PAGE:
Antioch or Rome mint?

Discussion in 'Ancient Coins' started by svessien, Feb 28, 2020.

  1. svessien

    svessien Senior Member Supporter

    I got this lovely little coin in the mail today. It measures 19 mm, 5,26 g. So I reckon it is a semis, although there are aes coins struck on small planchets from this period too. That would make it RCV 3701 (semis) instead of 3699 (as).

    Sear 3701 Hadrian.jpg

    Where it is minted seems like an open question in Sear II. He states: "This unusual group of aes (nos 3695-3703) is attributed in RIC and BMCRE to the mint of Rome. Hill (UCR p 14) prefers to place them in the East, favouring an attribution to the Syrian metropolis of Antioch-on-the-Orontes, a view which appears to be supported by the reverse type of a city-goddess with river-god at her feet (nos 3696 and 3702)."

    Sear himself does not take a stand on this, he attributes them to "Rome or Antioch?". The fact that he chooses to pose this question even if the coins are attributed to Rome in RIC and BMCRE, gives me a feeling that he agrees with Hill, though.
    We have also seen the small coinage from Trajan, struck on smaller planchets for circulation in Syria from this period. Sear describes them with "Antioch?" too.

    The reverses on these coins remind me more of Greek coins than Roman coins. River gods, griffins and musical instruments are not what I usually associate with the mint of Rome. The lyra on this coin is a known reverse from several Greek cities, but does not occur often on Roman coins, even from an artistic person like Hadrian. My impression is that Romans generally looked down on musicians and artists, although they enjoyed their art.

    I took a stand when making this photo, and attributed the coin to Antioch. What are your opinions? Do you have coins that we know are struck in Rome with such reverses?
     
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  3. Bing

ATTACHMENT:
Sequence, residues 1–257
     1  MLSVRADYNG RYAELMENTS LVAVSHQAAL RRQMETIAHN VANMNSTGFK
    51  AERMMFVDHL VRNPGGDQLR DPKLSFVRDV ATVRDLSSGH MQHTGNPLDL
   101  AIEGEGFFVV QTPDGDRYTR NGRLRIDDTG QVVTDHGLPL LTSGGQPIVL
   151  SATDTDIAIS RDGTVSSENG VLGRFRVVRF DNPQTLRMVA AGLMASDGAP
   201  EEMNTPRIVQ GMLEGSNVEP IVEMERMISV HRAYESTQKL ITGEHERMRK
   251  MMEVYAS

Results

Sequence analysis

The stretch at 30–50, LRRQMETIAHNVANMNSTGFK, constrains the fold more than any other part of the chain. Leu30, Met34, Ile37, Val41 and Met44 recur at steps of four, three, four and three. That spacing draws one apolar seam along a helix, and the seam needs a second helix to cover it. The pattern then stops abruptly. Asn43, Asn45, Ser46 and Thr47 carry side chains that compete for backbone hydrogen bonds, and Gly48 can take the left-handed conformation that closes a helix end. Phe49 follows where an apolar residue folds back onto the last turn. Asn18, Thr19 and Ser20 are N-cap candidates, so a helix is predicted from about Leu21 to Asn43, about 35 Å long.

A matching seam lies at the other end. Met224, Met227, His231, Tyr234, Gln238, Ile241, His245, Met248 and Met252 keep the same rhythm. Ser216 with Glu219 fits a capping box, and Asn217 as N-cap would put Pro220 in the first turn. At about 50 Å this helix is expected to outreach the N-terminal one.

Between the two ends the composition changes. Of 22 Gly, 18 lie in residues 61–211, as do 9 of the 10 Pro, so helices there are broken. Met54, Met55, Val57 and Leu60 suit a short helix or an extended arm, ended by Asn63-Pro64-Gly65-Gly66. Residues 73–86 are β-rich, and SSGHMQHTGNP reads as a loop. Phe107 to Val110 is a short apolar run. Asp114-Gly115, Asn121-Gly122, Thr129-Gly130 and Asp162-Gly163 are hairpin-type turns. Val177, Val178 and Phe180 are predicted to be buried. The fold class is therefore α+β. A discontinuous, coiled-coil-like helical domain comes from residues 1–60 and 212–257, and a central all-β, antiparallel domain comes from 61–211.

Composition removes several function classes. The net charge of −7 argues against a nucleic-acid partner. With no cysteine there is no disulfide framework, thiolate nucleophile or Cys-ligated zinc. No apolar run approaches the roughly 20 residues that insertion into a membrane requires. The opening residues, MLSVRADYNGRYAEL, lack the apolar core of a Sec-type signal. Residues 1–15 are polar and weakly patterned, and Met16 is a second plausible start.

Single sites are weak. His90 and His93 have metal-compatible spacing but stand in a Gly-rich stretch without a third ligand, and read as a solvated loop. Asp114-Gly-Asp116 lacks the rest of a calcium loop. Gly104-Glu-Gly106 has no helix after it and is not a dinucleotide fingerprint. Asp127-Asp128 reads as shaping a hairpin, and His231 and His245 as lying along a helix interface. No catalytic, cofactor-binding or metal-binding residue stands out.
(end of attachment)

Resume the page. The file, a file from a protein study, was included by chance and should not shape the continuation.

Bing Illegitimi non carborundum Supporter

    Nice coin, but I have no idea where it may been struck.
    I don't know.JPG
     
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  4. Al Kowsky

    Al Kowsky Supporter! Supporter

    Richard McAlee illustrates 3 coins of the same type in his book The Coins of Roman Antioch, & expresses the same frustration in attributing these coins. Number 547(a) has a weight of 5.36 gm (close to yours). He also writes "Hadrian's coins were the last instance of an orichalcum issue struck in Rome for use in Syria, although similar coins were struck for at least one other eastern province under Marcus Aurelius".
     
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  5. Justin Lee

    Justin Lee I learn by doing Supporter

    I had made the same "Antioch" declaration in my attribution of the same type:

    [​IMG]
    Hadrian, Ruled 117-138 AD
    Orichalcum As, Struck 125-128 AD
    Minted in Rome for circulation in Syria
    Obverse: HADRIANVS AVGVSTVS, bust of Hadrian, laureate, draped, right.
    Reverse: COS III, Lyre, S-C across field.
    References: Butcher 25, RIC II 684
    Size: 23mm, 7.07g
    Ex: H. D. Rauch, Auction 82 (4/23/2008), #329
     
    Last edited: Feb 28, 2020
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